You shall not deduct interest from loans to your countrymen, whether in money or food or anything else that can be deduced as interest, but you may deduct interest from loans to foreigners. Do not deduct interest loans to your countrymen, so that the Lord your God may bless you in all your undertakings in the land that you are about to enter and possess. (Deut. 23:20-21)

The laws about loans must be understood in the light of the simple agrarian economy of ancient Israel. There is no evidence that there was a money market of any significance, or that solvent Israelites commonly borrowed for commercial or other purposes, though a couple of passages imply that not all borrowers were poor.[1] The type of loans with which the Torah regularly deals is charitable loans to countrymen who have fallen on hard times. This is clear from the statements of the present law in Exodus and Leviticus, which explicitly refer to the borrower as impoverished.

If your kinsman being in straits, comes under your authority…do not exact from him advance or accrued interest, but fear your God.... (Leviticus 25:36-37)

If you lend money to My people, to the poor among you, do not act towards them as a creditor: exact no interest from there. (Exodus 22:24 )

Under these circumstances, lending is a moral obligation incumbent on those who can afford it, and it is to be done without further increasing the borrower's poverty by requiring interest, which could be ruinous.[2] As Josephus puts it, "It is not just to draw a revenue from the misfortunes of a fellow-countryman. Rather, in succoring his distress, you should reckon as gain the gratitude of such persons and the recompense which God has in store for an act of generosity." Lending without interest is frequently listed among important virtues and praised as an act of generosity, and exacting interest is condemned.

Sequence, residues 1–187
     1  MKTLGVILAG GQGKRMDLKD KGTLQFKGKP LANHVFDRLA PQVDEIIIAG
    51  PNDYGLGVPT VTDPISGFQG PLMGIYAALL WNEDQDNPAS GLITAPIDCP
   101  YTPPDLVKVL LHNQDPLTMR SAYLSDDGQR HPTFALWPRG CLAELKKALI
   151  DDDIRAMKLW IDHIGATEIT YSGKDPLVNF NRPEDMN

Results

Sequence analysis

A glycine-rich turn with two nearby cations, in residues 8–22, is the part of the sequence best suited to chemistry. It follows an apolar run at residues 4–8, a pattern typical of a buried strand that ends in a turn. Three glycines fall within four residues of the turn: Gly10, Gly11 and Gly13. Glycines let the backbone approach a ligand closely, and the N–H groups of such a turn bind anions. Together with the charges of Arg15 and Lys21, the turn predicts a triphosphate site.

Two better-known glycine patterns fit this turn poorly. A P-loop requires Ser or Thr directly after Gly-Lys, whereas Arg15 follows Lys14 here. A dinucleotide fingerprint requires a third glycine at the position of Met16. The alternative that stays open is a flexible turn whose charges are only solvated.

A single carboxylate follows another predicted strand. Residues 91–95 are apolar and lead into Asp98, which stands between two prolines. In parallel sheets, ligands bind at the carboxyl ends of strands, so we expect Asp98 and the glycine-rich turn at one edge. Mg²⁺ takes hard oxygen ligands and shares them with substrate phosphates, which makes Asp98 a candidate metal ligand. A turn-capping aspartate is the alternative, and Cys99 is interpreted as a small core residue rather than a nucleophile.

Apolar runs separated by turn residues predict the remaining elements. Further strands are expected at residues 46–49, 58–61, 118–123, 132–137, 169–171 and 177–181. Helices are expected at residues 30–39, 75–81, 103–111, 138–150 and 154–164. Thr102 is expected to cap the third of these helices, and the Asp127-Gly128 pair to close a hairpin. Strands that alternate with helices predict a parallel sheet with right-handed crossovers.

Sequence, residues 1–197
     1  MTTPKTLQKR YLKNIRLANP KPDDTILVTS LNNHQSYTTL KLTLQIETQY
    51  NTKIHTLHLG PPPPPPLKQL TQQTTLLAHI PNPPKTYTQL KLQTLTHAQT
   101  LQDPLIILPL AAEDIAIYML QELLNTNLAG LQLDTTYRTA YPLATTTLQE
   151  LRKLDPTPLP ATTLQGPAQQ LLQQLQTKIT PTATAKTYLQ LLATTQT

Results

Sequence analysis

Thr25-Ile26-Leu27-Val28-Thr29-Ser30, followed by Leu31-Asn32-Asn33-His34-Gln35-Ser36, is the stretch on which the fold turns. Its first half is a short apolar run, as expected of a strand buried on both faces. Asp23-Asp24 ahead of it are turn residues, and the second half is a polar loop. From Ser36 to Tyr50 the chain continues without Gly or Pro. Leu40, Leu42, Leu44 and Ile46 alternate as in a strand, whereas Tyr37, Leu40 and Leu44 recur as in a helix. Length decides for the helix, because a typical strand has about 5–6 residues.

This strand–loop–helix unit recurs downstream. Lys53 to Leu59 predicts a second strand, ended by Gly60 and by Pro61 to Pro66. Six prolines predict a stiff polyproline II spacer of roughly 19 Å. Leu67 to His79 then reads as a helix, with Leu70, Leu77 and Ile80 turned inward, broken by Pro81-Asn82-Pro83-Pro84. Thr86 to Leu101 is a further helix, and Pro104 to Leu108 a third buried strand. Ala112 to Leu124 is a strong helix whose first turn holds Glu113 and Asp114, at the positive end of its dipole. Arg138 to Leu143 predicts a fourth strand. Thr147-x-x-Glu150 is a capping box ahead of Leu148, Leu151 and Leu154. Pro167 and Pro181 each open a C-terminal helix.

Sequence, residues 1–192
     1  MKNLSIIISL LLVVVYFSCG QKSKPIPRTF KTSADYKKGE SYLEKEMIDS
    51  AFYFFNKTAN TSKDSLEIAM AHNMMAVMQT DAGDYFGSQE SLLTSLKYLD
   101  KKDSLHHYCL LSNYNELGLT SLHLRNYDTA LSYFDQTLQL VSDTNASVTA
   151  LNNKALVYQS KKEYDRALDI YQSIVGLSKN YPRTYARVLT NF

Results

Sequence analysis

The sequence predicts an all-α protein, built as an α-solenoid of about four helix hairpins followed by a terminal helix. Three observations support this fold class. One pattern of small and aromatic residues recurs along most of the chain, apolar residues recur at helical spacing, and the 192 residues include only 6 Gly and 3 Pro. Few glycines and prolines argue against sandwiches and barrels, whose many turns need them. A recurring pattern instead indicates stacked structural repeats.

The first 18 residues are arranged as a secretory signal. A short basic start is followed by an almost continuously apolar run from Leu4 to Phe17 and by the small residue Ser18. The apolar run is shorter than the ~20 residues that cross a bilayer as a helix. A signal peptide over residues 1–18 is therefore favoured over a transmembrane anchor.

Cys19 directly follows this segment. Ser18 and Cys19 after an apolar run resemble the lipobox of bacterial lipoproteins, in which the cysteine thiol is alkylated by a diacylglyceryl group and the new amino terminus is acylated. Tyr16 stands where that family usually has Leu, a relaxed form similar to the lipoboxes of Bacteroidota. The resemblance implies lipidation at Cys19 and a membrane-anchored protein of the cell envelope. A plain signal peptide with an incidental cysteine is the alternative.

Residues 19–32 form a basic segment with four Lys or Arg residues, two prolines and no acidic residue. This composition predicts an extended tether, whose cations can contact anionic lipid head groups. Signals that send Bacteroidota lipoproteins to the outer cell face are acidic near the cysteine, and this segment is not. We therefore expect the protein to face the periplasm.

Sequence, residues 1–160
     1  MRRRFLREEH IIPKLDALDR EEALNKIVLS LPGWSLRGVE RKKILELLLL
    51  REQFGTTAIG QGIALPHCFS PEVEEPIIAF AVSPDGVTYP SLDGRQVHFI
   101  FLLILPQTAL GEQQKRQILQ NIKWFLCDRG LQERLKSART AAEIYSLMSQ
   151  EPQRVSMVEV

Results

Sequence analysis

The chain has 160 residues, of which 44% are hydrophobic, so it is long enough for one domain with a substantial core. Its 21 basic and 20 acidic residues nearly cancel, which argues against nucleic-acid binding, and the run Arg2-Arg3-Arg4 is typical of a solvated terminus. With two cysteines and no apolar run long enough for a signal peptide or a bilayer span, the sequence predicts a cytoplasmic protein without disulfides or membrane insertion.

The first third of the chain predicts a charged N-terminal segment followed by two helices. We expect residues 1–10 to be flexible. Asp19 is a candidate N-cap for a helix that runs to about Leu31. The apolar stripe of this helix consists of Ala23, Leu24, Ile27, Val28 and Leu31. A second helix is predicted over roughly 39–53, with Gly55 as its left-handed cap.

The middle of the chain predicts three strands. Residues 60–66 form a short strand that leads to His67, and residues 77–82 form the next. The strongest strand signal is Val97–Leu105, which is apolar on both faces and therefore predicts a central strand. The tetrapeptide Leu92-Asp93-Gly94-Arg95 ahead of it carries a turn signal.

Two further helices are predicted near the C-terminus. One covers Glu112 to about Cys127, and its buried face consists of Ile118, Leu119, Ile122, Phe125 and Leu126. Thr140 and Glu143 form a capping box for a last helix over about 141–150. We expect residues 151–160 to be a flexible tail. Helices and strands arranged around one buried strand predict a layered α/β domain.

Although interest-free loans are sometimes mentioned in Mesopotamian texts, no prohibition on interest is known from the ancient Near East, possibly because the sites from which we have documentation had more developed commercial economies. There is an interesting letter from Ugarit in which the writer claims that gentlemen do not demand interest of each other. Greek philosophers opposed interest, and it was periodically forbidden in early Rome. As economies developed and money began to play a more important role, the prohibition of interest became impractical, and the halakhah [religious law] devised legal means for circumventing it. Eventually the prohibition was restricted to the realm of charitable loans, in keeping with its original purpose.[3]

Since Exodus 22:24 and Leviticus 25:35-37 refer to loans to the poor [unlike the verse in Deuteronomy], some scholars believe that interest was first prohibited only on loans to them, and that Deuteronomy is the first to protect all Israelite borrowers from interest. However, non-legal passages consistently regard the taking of interest from one's countryman as wrong, without differentiating between solvent and poor borrowers, and it is unlikely that exacting interest from solvent people, on the rare occasion when they might borrow, was ever acceptable. Most likely Exodus and Leviticus specify the poor simply because it was they who normally borrowed.


[1] Exod. 22:24; Deut. 24:2 [back]
[2] Rates of 20 to 25 percent for silver and 33 1/3 to 50 percent for grain were common in the ancient Near East, and higher rates were known. [back]
[3] With the development of a money economy, industry, and trade, Jewish practice evolved — albeit against long resistance — a legal fiction known as hetter iska, whereby a loan is contracted in the form of a partnership. Although this procedure is considered legitimate for business transactions and investments, loans to a person in need are still required to be free of interest. [back]


Jeffrey H. Tigay, editor and commentator, The JPS Torah Commentary: Deuteronomy (Philadelphia: Jewish Publication Society, 1996).

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